The 1999 Northern Ireland Life and Times Survey found that 2% of Northern Ireland residents claimed to speak Ulster Scots, which would mean a total speech community of approximately 30,000 in the territory.[28] Other estimates range from 35,000 in Northern Ireland,[29] to an "optimistic" total of 100,000 including the Republic of Ireland (mainly the east of County Donegal).[30] Speaking at a seminar on 9 September 2004, Ian Sloan of the Northern Ireland Department of Culture, Arts and Leisure (DCAL) accepted that the 1999 Northern Ireland Life and Times Survey "did not significantly indicate that unionists or nationalists were relatively any more or less likely to speak Ulster Scots, although in absolute terms there were more unionists who spoke Ulster Scots than nationalists".[citation needed]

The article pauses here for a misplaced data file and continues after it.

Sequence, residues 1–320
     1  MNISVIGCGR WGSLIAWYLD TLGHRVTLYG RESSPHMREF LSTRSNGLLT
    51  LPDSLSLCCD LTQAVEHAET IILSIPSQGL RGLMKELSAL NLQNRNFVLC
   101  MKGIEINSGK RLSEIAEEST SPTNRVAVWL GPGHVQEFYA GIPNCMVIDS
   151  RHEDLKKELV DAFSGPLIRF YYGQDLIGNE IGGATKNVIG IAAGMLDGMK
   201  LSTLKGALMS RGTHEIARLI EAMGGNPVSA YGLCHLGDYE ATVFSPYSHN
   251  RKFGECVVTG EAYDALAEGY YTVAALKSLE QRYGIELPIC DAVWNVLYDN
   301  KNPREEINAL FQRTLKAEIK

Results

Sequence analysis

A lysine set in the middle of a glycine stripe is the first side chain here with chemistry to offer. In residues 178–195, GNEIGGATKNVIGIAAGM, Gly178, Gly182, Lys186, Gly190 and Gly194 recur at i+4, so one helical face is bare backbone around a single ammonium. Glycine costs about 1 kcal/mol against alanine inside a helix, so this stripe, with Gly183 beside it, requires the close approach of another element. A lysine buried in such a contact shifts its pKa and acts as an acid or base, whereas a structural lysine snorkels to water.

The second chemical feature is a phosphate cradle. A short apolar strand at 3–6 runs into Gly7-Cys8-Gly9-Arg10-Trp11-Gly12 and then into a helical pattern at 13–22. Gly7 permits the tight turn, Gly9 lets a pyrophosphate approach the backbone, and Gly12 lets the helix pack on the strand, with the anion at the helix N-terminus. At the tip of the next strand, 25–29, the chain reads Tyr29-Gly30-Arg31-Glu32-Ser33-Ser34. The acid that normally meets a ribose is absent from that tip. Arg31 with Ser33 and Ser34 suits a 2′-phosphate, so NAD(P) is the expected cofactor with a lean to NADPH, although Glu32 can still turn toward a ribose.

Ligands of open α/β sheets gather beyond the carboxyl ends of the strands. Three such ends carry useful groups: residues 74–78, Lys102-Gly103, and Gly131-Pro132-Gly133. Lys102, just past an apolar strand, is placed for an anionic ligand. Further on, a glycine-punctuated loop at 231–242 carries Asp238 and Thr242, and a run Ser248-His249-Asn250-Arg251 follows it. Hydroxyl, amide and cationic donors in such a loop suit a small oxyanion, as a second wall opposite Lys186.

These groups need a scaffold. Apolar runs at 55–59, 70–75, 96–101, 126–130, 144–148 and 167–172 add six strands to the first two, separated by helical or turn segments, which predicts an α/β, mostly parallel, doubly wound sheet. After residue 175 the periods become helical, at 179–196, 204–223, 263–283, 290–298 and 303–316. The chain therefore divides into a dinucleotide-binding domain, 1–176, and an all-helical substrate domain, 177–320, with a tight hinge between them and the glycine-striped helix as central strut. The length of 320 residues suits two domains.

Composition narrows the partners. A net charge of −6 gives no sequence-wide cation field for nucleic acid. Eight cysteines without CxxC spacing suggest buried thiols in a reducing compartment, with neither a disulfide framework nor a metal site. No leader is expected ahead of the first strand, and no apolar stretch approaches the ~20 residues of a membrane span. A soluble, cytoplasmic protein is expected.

In the 2021 census of Northern Ireland, 20,930 people (1.14% of the population) stated that they can speak, read, write and understand Ulster Scots, 26,570 people (1.45% of the population) stated they can speak but cannot read or write Ulster Scots, and 190,613 people (10.38% of the population) reported having some knowledge of it.[31]


Main article: Scots language § Status

Linguistic status

A bilingual street sign in Ballyhalbert, County Down

The majority of linguists treat Ulster Scots as a variety of the Scots language; Caroline Macafee, for example, writes that "Ulster Scots is [...] clearly a dialect of Central Scots."[8] The Northern Ireland Department of Culture, Arts and Leisure considers Ulster Scots to be "the local variety of the Scots language."[29] Some linguists, such as Raymond Hickey,[32] treat Ulster Scots (and other forms of Scots) as a dialect of English. It has been said that its "status varies between dialect and language".[33]